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rickharp

why are some lights bright and some dim on a mini strand.

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havent had a chance to totally trouble shoot the strands in question, but on my mega tree, controlled by a LOR, in static always on mode, i see that numerous strands that worked fine last year now have complete mixture of dim and super bright bulbs, with no real pattern to them. i've never seen anything like it.

replacing them would be a pain as the tree is up now.

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Unless some of the bulbs have been changed with the wrong type, I've never heard of this.

I'm guessing that it has nothing to do with LOR. You could confirm by plugging the lights directly into a normal extension cord plugged into a standard outlet...

-Tim

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yep, i didnt think it was lor. from what i can figure, it was an old set, and for some reason, bulbs dimming, were sending more power to others. i've replaced the strands.

I wonder if LED's will last much longer and pay off in the long run.

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rickharp wrote:

I wonder if LED's will last much longer and pay off in the long run.

I switched to LEDs last year on my mega-tree and I prefer them over incandescent lights for a lot of reasons, but the main two reasons for the switch to LED is that I wanted them to be more reliable, and better color. My tree is mounted on top of a shed and I don't want to be replacing bulbs during the season. I like the brilliant color of LEDs far better than incandescent bulbs.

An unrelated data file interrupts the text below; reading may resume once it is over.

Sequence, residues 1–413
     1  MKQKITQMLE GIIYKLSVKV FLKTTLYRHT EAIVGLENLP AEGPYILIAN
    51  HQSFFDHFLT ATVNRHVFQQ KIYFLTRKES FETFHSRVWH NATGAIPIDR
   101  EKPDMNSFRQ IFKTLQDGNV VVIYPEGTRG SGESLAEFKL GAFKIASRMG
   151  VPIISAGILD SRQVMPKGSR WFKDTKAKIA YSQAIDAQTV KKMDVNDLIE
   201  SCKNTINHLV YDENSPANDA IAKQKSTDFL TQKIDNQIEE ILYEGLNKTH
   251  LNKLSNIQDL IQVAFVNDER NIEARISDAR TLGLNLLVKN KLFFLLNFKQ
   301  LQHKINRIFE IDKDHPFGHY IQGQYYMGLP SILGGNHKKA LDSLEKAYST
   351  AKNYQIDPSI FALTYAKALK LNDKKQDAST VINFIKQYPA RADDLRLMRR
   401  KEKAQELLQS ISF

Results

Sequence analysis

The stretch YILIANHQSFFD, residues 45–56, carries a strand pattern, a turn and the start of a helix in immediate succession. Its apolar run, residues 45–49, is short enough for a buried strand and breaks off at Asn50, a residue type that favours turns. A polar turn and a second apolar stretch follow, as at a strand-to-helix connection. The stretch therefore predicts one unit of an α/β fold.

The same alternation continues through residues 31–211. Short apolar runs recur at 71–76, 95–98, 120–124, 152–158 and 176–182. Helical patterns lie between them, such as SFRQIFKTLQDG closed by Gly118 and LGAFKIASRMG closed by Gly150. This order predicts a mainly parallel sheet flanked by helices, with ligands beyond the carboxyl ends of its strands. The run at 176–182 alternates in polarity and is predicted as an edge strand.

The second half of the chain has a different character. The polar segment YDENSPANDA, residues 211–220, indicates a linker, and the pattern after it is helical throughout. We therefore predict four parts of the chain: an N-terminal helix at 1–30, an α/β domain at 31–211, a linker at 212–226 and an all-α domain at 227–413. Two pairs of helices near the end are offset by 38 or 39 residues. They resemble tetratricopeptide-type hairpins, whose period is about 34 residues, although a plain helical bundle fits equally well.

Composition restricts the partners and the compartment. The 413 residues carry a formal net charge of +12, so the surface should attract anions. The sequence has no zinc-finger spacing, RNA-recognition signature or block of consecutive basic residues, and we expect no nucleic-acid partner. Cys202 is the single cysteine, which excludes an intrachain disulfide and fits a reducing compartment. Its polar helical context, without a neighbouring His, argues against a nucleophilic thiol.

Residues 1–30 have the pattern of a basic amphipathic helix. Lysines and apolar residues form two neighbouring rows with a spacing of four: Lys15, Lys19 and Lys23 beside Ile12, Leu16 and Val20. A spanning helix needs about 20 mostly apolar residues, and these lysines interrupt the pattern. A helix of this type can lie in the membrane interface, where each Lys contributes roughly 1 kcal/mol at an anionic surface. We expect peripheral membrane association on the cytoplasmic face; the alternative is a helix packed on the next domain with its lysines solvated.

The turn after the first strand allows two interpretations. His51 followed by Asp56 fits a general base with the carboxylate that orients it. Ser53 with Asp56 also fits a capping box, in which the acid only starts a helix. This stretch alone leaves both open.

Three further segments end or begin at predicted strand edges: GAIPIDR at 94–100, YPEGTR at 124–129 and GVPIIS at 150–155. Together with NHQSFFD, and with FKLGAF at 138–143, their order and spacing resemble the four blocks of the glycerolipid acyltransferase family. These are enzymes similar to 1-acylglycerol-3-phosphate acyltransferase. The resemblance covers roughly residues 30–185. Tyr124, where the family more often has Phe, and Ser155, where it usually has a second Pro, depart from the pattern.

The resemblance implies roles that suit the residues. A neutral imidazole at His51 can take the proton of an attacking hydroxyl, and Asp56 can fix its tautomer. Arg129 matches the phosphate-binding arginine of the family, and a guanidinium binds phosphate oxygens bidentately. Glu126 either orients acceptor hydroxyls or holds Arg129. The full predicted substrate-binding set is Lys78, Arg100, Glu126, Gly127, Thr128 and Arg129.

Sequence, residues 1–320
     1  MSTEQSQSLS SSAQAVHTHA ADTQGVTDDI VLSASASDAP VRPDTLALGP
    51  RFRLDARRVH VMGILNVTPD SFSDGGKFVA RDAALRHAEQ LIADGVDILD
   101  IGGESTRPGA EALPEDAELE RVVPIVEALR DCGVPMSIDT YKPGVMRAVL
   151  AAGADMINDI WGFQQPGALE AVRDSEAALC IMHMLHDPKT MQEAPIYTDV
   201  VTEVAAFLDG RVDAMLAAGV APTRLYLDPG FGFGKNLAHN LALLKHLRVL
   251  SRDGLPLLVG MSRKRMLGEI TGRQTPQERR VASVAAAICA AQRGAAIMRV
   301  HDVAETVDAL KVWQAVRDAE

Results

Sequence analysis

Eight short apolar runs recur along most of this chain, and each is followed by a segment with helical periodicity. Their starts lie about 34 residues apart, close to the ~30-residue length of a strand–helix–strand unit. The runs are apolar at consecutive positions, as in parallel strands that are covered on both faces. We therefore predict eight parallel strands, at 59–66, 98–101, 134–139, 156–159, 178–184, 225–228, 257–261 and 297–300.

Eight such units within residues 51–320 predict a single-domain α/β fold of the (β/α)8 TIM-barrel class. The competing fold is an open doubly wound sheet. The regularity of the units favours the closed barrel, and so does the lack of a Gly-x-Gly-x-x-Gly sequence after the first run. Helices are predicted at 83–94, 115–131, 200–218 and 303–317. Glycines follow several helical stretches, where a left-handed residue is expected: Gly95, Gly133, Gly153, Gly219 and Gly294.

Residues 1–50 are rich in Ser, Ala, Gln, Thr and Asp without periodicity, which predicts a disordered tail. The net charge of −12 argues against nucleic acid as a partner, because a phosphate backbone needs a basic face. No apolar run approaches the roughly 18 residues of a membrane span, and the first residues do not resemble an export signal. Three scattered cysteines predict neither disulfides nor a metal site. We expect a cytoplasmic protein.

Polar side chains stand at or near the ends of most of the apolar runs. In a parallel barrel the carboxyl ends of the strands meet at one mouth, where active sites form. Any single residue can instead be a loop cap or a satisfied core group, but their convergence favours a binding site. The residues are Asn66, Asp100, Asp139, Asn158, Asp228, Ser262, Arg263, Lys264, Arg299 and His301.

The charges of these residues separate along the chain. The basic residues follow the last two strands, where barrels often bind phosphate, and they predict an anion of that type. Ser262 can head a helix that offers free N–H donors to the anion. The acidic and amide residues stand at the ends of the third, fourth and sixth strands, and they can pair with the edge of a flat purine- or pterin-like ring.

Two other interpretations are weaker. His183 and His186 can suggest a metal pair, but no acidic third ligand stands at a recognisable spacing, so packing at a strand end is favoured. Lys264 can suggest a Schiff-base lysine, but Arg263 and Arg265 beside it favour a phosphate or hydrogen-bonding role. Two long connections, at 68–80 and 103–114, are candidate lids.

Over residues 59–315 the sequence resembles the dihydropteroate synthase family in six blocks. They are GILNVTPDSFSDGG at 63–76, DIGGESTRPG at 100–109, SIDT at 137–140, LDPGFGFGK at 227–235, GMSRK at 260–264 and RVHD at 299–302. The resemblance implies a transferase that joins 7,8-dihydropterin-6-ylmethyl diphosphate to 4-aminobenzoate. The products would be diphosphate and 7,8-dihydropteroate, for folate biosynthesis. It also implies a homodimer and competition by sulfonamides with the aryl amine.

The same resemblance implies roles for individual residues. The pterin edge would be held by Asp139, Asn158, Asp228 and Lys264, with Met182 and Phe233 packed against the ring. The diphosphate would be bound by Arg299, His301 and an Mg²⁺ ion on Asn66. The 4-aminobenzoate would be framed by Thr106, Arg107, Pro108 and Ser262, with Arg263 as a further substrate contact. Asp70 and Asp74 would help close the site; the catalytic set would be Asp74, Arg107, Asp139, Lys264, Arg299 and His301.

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If you start loosing bulbs in a strand (section) the power supply to the others goes up and thus the brightness. Ususally takes about 5-10 bulbs to really see a difference.

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fire_paramedic wrote:

If you start loosing bulbs in a strand (section) the power supply to the others goes up and thus the brightness. Ususally takes about 5-10 bulbs to really see a difference.


Out of curiosity, isn't that only true with incandescent bulbs?
As I recall, the current through a string of LEDs will not change much at all of an LED fails, so the other bulbs stay at about the same brightness. I forget the details about that.

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Yes that should b try. a led string uses much less power and the rquirements for an individual led depending on which one used is almost nothing. I dont know for sure but they are also probably wired parallel instead of series since they usually have a rectifier for voltage control.

Im sure there is someone else here who could explain it better than i have.

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I've seen a situation where a bulb that has been dropped doesn't burn out or crack, but the filament gets tangled. The result is that the filament is now making contact in multiple places, thus presenting a lower resistance and burning brighter. It then affects others by reducing the overall resistance of the series circuit. It usually didn't last too long because the troubled bulb burned out about a minute or two later.

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